Thursdays are my longest day of the week. I begin at eight a.m. with a five hour lab, take a one hour break, then continue with another five hour class. At the beginning of the semester it seemed like a long day, but my feet have gotten used to the 10 hours and always more of standing so now I am able to concentrate the entire class.
For the morning lab we were required to make two recipes, stuffed quail and duck tournedo. Now for these classes it is not that the items are prepared for us and we follow step-by-step procedures. For our culinary training we were last week required to debone a duck, and this week to do the same on quail.
I would have taken pictures of the entire procedure but we had limited time and messy hands so I decide against it. To start off, quail are itty bitty. I mean really itty bitty, one fit comfortably in the palm of my hand. Anyways, to get the quail in the shape we needed we were required to cut along the spine then try and work our knife along the rib cage and between the shoulder blades. I couldn’t believe how difficult it was to do and have to admit my first attempt looked horrendous. For it to be finished correctly the ribs, wish bone and spine need to be removed, along with the thigh bone. What you need to have left is the skin intact, the wings, just the leg bones of the bird and the meat.
It looked strange when we finally finished up, but the whole thing worked out when we added the ball of wild rice and sweet potato stuffing to the centre and worked the bird into shape, using a cut in the thigh of the bird to cross its legs and tucking the wings underneath. To finish it up we wrapped the little guy in bacon.
Then there was the duck. Since last week was the hard part, this week was quite simple. After making the delicious smelling stuffing which included orange zest, scallops and savoury, we laid out the duck breast on strips of bacon, smoothed on stuffing, wrapped it into a tight cylinder with cellophane and tin foil, then vacuum sealed it. When we were sure it was sealed properly we added it to the immersion cooker to cook in the sous vide way. Which basically means it is in water and will constantly cook at the required temperature until done.
Once the duck was done we quickly browned it so the bacon was nice and crispy and served them up be sold in our school store, The Pantry.
The second class to my day is basically mass production. It is to help teach us how to make something hundreds of times but have them all come out identical. It takes some work but I think we are all starting to catch on.
For class this day our goal was to produce wine jelly, apple crisp, bread, curry pastry, and soup. My group was assigned wine jelly which also included bottling vinegar that had been made earlier. For our recipe we needed 4 bottles of wine, 10 lbs. of sugar and just a small amount of lemon juice and of course pectin. After combining it all, quickly sanitizing the bottles and warming the lids, we only ended up with 42 small jars. I was a little surprised since we all expected quite a few more.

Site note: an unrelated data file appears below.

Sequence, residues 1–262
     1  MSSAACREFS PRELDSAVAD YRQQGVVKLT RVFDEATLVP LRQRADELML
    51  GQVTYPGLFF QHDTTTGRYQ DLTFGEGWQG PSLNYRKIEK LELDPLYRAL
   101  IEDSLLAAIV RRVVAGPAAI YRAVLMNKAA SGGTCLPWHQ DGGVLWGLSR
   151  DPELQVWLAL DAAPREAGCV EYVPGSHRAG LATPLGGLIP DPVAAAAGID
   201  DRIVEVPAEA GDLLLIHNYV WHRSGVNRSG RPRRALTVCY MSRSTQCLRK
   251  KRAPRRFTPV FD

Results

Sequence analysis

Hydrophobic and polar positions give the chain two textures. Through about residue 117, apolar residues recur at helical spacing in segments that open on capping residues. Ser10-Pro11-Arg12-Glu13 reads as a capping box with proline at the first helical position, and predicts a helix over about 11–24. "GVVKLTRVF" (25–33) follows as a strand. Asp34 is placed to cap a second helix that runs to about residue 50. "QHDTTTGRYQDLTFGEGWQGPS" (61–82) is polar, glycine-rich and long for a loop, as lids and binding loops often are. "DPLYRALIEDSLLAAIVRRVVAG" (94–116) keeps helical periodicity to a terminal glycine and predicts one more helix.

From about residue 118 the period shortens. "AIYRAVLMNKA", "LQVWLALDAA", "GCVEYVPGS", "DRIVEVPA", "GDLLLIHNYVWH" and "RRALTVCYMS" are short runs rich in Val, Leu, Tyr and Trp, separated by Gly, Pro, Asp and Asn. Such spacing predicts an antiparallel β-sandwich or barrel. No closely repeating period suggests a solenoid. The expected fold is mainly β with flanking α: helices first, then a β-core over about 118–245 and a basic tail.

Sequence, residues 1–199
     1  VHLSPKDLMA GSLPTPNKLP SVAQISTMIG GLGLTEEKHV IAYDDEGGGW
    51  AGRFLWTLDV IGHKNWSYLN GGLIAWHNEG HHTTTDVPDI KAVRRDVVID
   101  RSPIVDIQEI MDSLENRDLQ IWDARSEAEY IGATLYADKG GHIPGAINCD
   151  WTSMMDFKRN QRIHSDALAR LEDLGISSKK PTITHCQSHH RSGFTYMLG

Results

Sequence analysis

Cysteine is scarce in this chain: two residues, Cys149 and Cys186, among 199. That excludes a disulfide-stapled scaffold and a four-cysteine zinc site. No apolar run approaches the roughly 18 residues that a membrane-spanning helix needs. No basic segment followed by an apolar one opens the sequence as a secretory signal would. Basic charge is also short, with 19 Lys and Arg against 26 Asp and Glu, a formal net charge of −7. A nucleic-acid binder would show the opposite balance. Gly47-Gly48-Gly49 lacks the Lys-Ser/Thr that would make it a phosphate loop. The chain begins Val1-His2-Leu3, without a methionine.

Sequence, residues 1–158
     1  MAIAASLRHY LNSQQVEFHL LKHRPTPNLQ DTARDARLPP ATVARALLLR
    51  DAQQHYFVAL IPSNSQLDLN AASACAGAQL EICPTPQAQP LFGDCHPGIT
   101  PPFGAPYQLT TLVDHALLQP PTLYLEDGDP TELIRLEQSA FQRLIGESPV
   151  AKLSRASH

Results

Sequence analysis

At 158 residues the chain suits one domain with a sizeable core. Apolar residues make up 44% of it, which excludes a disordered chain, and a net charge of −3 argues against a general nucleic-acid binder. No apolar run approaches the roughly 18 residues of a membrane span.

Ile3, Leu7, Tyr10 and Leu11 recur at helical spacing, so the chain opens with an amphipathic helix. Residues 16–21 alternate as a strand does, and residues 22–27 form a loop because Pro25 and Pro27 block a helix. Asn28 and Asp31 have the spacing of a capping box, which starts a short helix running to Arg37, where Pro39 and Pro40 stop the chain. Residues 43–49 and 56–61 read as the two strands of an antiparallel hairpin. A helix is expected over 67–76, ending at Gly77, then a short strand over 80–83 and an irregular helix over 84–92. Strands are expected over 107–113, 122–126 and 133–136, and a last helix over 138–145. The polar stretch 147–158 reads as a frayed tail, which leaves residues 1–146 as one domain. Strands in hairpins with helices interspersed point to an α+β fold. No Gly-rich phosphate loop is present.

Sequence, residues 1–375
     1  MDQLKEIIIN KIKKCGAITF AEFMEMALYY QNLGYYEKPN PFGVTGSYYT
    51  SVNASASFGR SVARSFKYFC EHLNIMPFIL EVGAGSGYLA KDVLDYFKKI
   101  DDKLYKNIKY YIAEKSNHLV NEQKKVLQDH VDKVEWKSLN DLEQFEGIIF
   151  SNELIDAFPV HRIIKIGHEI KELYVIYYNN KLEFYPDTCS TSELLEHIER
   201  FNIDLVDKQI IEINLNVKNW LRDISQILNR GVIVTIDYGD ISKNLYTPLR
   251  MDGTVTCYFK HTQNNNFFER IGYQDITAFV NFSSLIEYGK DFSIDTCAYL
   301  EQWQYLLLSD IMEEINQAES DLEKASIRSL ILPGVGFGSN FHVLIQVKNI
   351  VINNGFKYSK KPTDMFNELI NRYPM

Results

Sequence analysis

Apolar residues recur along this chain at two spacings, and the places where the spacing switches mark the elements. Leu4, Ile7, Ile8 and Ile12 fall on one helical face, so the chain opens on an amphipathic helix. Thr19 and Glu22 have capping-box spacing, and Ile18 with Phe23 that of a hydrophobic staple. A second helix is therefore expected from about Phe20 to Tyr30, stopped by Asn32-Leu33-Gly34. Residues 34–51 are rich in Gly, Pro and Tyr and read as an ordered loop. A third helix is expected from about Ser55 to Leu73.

Next was the vinegar. Again we sanitized, but this time we needed the vinegar to come to a boil and for capping we used a plastic sealing method that had a perforated edge for the customer to know it had not been tampered with. My assigned duty was pouring the vinegar into the bottle and wow did it stink.
The first bottle was fine. I poured it into the funnel until it reached the desired height, then passed it on to the next member who would add the cap. Within seconds after moving the bottle the vinegar smell hit me. It was horrendous. The odour burned my throat and had me choke with surprise. And that’s how most of filling the bottles would go. Pour, move, wiggle nose, repeat.
Our duty has been a very quick one, so once we finished up we headed over to another table who were making apple crisp. We’d helped out occasionally earlier with peeling some of their 48 kgs. of apples, but by now they had moved over to cooking apple slices and reducing the crumble to a powder.
To help out I ended up making a cornstarch slurry and adding it to the pile of cooking apple slices. Afterwards we stirred the mixture until the liquid turned clear and was ready to be pulled out of the cooker so we could begin scaling it in take-out containers. It had to be the most delicious smelling job in the room. Standing next to a bucket of cinnamon scented apples while weighing out the product which then would have crumble added on top. By the end of the job they had enough crisps that everyone in class got to take one home, and they still had 45-50 left to sell.
When class was finished we got to take home what everyone’s groups had made, except ours since the jelly and vinegar was heading straight for selling. As I left class I had bags of bread, pastries, an apple crisp, the containers of quail and duck that I had stuck in the fridge to keep cold and everything else I had brought to complete the lab. So coming into the hall I was more than happy to see my husband waiting for me, or as I happily called him, my extra pair of hands.